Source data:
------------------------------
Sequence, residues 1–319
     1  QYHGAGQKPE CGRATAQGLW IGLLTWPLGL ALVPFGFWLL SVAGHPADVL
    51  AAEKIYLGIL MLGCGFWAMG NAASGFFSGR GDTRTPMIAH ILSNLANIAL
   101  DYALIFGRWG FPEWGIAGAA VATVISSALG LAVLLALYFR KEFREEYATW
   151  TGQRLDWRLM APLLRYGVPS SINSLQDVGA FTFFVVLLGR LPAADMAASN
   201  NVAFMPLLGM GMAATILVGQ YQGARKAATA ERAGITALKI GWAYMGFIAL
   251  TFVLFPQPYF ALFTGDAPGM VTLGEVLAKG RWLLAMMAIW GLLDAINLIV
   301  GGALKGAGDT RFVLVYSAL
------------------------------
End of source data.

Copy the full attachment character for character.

Sequence, residues 1–319
     1  QYHGAGQKPE CGRATAQGLW IGLLTWPLGL ALVPFGFWLL SVAGHPADVL
    51  AAEKIYLGIL MLGCGFWAMG NAASGFFSGR GDTRTPMIAH ILSNLANIAL
   101  DYALIFGRWG FPEWGIAGAA VATVISSALG LAVLLALYFR KEFREEYATW
   151  TGQRLDWRLM APLLRYGVPS SINSLQDVGA FTFFVVLLGR LPAADMAASN
   201  NVAFMPLLGM GMAATILVGQ YQGARKAATA ERAGITALKI GWAYMGFIAL
   251  TFVLFPQPYF ALFTGDAPGM VTLGEVLAKG RWLLAMMAIW GLLDAINLIV
   301  GGALKGAGDT RFVLVYSAL